This blog was originally published on Isabell Agumbah’s Personal Finance Website.
It’s an argument that’s far too common for married couples. One person penny pinches and the other person spends money lavishly. If you find yourself in this predicament, there’s no need to fret. There are plenty of solutions to this problem.
Approach Your Spouse in a Calm Manner
Whatever you do, don’t yell or even raise your voice to your spouse, especially over this matter. Anger words escalate into tense, hurtful arguments. Instead, speak in a compassionate manner, working together to solve a problem, no against one another to prove who’s right. Use a calm tone that stems from a truly loving disposition. You want to approach your spouse in this manner because you’ll come off as trying to prove a point rather than seeking to understand your partner’s side of things.
Make a fresh start by having a new outlook. Any money spent foolishly is already out the door. So, instead of focusing on the mistakes past the point of learning from them, take the ideas learned together and create a solution that works for your spouse and you. Doing so will create unity within the marriage and make it more likely that your spouse will talk to you instead of run the other direction whenever money is the topic of discussion.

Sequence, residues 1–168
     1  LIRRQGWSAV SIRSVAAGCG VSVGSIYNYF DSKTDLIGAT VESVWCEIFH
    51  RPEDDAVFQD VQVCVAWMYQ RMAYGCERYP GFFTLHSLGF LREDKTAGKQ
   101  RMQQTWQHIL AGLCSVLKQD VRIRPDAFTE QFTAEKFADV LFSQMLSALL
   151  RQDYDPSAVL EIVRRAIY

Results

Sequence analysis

Take Turns Paying the Bills
Although people joke about being horrible with money who then outsource all the financial handlings to their spouses, it is likely that those relationships result in strained feelings. That’s because the other spouse often has no idea how much is being spent on rent, food, utilities, and other large expenses. By allowing your spouse to see where your money goes, he/she might be less likely to splurge the way they may have done in the past. This is because it creates a sense of shared responsibility, in which neither of you acts as a parental figure, reprimanding the other for poor choices.
Keep an Open Mind
Keep in mind that you are a human being who does not know everything. You may think to yourself that you know that, of course. But, think about it within this specific circumstance. Do you know everything there is to know about managing finances? Is there any way at all that you are contributing to the poor handling of your joint finances? Is there anything you can learn?
To help both of you humble yourselves, you can create an impromptu, mini-curriculum, for example, for the two of you to study together. This puts you both on the same side and forces you both to learn about better management tools and grow in your relationship.
Finally, while your spouse shares his/her thoughts and feelings about the educational material, make sure to pay attention to how they act and what they say. Paying closer attention to these cues can help you better understand your partner and understand the current situation. Doing this can put you in tune with your partner’s needs and wants during the conversation. When you realize that logically, you are in the wrong or have wronged your spouse in any way, make sure to automatically admit it. Then, apologize. This will help your spouse to realize that you are not out to get him/her, but rather, work together.
Just because you have a disagreement over money doesn’t mean that you and your spouse are doomed. A lot of these money issues can be resolved by approaching your spouse in a calm manner, starting over, taking turns paying the bills, and by keeping an open mind.